Stanley's blog

The international implications of yesterday’s Supreme Court decision (Medellin v Texas) that President Bush had no power to tell the state of Texas to reopen a death penalty case, need careful study.

The International Court of Justice (ICJ) in The Hague ruled in 2004 that 51 Mexican nationals sentenced to death in the US were entitled to new hearings, as the government failed to comply with the Vienna Convention on Consular Relations (Article 36), which required it immediately to notify foreign nationals of their right to seek assistance from their consulates.

Chief Justice Roberts, writing for the 6-3 majority, said that no-one had “identified a single nation that treats ICJ judgments as binding in domestic courts.” He acknowledged that that the President was seeking to foster observance of the Convention and good relations with other countries.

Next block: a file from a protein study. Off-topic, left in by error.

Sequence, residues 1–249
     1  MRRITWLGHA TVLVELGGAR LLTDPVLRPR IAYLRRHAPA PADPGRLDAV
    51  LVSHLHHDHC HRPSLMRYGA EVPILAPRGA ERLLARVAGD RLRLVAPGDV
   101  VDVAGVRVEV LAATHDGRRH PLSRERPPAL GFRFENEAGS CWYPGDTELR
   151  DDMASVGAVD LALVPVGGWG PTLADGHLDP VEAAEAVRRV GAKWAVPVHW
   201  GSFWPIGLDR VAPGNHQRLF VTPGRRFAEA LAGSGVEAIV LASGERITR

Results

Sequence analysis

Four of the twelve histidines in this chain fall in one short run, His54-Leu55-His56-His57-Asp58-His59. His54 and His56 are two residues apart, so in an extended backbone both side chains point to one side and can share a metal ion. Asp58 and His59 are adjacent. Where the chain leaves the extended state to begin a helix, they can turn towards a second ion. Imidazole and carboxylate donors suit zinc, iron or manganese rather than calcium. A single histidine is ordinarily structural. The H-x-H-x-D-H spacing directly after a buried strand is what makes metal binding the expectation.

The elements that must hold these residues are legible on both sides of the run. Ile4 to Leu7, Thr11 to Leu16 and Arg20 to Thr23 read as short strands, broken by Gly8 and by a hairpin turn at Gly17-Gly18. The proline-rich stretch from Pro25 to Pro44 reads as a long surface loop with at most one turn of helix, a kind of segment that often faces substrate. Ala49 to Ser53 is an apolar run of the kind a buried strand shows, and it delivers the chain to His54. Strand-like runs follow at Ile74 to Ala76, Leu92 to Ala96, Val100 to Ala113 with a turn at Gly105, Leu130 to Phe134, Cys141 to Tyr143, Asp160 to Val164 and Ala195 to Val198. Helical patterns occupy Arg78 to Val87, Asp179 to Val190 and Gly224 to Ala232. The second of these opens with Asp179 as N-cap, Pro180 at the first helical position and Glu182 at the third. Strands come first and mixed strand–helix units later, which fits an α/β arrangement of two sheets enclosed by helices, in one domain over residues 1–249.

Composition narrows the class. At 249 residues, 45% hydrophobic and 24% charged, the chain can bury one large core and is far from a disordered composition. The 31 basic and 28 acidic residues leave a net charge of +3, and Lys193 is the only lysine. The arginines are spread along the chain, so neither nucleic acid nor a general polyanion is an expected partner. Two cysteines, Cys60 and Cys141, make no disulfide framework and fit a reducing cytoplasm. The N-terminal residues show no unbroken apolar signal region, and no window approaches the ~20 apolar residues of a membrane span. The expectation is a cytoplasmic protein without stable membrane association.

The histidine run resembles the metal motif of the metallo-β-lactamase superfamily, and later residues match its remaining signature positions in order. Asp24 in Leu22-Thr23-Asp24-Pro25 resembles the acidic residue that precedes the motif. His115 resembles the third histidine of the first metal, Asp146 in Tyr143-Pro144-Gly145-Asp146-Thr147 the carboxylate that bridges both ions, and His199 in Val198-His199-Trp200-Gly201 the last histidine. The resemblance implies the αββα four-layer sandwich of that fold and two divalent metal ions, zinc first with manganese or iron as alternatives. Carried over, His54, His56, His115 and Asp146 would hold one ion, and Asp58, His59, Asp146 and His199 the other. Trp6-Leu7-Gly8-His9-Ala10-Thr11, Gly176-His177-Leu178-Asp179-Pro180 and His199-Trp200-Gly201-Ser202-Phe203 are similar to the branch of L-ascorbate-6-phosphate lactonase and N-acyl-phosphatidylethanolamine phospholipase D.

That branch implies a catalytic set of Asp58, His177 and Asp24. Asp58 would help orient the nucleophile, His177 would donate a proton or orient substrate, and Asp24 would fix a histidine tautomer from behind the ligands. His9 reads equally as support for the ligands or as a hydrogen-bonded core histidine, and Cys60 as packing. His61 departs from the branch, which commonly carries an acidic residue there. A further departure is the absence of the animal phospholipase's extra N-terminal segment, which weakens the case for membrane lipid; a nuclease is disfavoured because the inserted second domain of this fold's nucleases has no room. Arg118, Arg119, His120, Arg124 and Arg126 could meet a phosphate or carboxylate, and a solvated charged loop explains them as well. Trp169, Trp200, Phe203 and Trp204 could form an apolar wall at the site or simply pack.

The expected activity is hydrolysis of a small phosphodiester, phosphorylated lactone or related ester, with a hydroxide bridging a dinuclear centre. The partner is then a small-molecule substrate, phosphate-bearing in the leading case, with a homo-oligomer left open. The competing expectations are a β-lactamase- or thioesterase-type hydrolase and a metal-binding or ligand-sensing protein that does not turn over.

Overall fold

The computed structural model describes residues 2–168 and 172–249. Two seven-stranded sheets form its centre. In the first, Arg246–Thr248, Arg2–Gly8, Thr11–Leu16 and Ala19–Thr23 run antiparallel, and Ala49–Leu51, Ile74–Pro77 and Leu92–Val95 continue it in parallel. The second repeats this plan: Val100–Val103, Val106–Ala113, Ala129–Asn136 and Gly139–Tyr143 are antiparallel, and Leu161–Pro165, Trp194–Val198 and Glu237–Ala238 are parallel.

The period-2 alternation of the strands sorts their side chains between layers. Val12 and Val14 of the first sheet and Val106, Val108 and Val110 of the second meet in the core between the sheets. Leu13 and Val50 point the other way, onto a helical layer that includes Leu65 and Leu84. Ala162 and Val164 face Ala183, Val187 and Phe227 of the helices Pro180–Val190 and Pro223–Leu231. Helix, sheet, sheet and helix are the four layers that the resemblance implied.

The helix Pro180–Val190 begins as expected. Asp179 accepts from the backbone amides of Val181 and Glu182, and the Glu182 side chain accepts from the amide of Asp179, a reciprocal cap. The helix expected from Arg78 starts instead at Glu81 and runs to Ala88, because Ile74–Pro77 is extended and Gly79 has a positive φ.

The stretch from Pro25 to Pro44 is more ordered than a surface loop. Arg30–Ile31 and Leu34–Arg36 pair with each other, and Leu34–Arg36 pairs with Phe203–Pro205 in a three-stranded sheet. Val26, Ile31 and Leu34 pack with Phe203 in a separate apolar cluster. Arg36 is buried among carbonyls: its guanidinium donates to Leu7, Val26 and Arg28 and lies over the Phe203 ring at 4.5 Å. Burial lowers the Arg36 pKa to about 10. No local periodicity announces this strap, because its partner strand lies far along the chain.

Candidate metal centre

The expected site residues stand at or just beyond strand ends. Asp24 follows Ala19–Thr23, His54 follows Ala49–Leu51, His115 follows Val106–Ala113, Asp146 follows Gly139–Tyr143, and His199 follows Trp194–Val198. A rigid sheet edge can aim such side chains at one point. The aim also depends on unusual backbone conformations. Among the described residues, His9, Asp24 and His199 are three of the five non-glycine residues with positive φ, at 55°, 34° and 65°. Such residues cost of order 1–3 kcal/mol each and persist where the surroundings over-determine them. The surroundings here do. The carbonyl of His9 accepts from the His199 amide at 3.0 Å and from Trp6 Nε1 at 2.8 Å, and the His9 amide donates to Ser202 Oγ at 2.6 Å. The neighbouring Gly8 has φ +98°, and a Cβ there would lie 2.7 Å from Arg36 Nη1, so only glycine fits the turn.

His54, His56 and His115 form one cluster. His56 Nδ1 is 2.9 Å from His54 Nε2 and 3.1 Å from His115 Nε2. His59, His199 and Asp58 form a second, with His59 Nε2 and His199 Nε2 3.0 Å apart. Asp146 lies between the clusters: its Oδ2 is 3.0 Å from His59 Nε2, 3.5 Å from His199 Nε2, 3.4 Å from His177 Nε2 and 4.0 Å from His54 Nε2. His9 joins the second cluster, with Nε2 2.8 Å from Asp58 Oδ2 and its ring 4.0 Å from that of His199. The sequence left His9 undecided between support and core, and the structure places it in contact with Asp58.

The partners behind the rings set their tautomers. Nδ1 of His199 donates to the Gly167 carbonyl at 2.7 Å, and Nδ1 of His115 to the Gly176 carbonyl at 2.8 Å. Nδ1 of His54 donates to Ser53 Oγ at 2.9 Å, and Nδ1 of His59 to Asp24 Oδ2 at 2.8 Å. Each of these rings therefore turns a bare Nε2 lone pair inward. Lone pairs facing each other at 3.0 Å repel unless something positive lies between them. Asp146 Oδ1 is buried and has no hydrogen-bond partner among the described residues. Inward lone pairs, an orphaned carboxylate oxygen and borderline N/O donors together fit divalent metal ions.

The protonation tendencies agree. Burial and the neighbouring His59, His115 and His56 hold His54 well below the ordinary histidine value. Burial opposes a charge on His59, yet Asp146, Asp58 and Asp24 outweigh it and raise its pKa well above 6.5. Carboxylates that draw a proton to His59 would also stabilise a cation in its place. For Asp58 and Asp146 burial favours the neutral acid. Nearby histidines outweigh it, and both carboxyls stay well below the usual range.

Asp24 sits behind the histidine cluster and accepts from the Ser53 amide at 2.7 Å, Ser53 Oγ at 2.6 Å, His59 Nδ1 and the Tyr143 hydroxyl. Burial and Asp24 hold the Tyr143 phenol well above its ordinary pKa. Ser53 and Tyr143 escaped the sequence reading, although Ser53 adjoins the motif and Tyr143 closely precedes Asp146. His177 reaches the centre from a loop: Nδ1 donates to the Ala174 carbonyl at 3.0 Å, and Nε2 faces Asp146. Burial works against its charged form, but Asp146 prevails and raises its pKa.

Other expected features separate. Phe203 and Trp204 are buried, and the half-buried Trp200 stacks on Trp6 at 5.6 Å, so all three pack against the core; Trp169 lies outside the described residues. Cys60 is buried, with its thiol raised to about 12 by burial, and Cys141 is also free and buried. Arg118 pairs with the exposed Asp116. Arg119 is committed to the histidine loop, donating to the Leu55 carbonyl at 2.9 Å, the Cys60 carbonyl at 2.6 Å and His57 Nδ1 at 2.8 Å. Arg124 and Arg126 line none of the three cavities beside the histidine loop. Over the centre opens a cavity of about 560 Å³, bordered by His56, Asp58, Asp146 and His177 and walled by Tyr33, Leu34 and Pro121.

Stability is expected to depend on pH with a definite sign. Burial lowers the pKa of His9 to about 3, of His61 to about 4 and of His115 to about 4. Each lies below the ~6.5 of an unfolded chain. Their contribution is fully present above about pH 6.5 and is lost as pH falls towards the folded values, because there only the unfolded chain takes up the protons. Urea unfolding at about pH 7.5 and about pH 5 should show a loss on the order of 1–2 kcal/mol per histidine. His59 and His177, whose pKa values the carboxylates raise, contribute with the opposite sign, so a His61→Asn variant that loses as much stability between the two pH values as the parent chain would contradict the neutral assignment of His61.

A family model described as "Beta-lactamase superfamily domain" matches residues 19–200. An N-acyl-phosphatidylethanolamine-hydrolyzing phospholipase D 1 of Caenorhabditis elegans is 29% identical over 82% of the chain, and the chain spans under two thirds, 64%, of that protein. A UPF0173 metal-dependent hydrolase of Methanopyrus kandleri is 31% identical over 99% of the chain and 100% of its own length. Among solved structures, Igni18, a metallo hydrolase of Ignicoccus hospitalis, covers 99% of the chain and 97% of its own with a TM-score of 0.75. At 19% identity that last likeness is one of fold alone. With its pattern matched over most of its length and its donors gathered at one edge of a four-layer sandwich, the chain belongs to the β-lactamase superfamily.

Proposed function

The dissenting judges said that the court’s conclusion “erects legalistic hurdles that can threaten the application of provisions in many existing commercial and other treaties and make it more difficult to negotiate new ones.” Congress had done nothing to suggest that it disagreed with the President’s stand.

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  1. An unusually shy lawyer friend writes:

    “We need to be careful in criticising this judgment, however lamentable the result. The point is, in its own way, the same as the question whether WTO decisions have direct effect in EU law – extremely contentious and difficult.”

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